This provocative article on the CN Reviews blog about whether foreigners in China make enough effort to socialise with Chinese people leads to some extended self-reflection.  I'm long overdue for a return to this topic; there's a lot to say about it.

18)  A happier kind of anniversary  -  May 6th 2009
I encounter an upbeat personal reminiscence related to the June 4th crackdown in Beijing.  Even in the midst of tragedy, life goes on.

19)  It's not just the Chinese...  -  May 7th 2009
... who invent bizarre new words or conjure inspired misspellings.  I am reminded of a couple of favourite examples from my days teaching back in England.

20)  Delivery  -  May 9th 2009
Amongst the reasons why I would never eat fish in this country...

21)  The feeling of Sunday afternoons  -  May 10th 2009
A nostalgic weekend reverie leads me to post two favourite poems about the emotional resonance of music, by D.H. Lawrence and Edwin Muir.  (Don't omit to check out the comments as well for some favourite film trivia quibbles.)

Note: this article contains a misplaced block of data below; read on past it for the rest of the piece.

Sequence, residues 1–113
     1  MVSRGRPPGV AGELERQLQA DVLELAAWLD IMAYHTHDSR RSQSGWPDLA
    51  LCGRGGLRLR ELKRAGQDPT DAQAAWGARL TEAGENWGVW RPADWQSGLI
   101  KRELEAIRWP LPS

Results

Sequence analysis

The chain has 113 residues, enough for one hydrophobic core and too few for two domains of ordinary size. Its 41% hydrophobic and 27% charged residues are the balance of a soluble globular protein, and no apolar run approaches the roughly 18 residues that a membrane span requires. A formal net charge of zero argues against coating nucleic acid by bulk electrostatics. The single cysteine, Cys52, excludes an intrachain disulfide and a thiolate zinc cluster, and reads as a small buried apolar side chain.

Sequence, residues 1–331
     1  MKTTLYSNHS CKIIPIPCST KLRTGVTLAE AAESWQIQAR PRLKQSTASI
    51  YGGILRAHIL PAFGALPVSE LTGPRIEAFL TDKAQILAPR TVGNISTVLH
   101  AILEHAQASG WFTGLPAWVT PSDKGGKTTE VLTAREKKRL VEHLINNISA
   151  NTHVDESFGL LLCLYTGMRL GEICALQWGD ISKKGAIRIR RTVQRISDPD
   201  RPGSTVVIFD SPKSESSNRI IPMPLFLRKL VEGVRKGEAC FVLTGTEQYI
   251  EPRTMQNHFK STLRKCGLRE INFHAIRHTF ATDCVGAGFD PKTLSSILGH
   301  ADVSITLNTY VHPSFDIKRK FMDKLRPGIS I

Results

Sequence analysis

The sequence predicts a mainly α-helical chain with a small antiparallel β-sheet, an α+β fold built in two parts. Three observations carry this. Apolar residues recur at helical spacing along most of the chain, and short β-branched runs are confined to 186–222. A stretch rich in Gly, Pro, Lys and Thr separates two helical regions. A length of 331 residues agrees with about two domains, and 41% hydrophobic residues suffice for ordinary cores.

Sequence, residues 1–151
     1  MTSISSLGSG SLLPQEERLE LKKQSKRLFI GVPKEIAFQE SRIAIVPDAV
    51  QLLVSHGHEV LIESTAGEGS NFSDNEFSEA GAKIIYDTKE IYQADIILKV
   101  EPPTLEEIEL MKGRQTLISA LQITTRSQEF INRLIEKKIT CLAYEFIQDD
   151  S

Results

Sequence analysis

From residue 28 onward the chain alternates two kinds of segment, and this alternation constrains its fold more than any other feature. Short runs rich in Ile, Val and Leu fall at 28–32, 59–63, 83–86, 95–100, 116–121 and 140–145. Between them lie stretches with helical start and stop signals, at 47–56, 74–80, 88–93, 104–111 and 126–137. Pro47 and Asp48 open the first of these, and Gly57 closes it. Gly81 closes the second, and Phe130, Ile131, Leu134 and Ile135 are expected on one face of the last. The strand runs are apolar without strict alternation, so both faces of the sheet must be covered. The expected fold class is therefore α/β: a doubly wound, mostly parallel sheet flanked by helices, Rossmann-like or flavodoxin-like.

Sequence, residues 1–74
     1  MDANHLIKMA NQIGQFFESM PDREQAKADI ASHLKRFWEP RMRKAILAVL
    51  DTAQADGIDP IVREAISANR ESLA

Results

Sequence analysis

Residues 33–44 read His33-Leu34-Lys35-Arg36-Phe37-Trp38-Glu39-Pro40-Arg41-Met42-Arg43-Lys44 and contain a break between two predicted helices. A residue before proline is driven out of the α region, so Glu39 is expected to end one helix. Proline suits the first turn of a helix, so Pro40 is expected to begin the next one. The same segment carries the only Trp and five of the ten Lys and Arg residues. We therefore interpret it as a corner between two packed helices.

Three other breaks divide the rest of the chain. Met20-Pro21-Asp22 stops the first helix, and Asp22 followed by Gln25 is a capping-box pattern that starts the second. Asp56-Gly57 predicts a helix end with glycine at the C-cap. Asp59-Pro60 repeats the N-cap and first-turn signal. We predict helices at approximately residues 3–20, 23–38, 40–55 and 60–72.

22)  The Gender Divide  -  May 13th 2009
Some very funny - but rather discomfiting - pictures from a children's book striving to perpetuate crude gender stereotyping in the early 1970s.

Tuesday, September 14, 2010

Any time you like

I've been discussing the possibility of taking on a university teaching job again.  The finances have been so dire this year that I have to consider such dread options.

Ah, well, it's only one morning a week, and the money's quite good.

And my contact is doing his best to be accommodating.  He promised they would rig the teaching schedule to my convenience.

"You can pick which day of the week you'd like to teach here," he said.

"Any day?"  I queried.

"Yes, any day," he confirmed.

"Well, I guess Wednesday would suit me best," I said.

"Any day except Wednesday," he said.

"Any day except Wednesday?" I tutted.

"Any day except Wednesday and Monday," he said.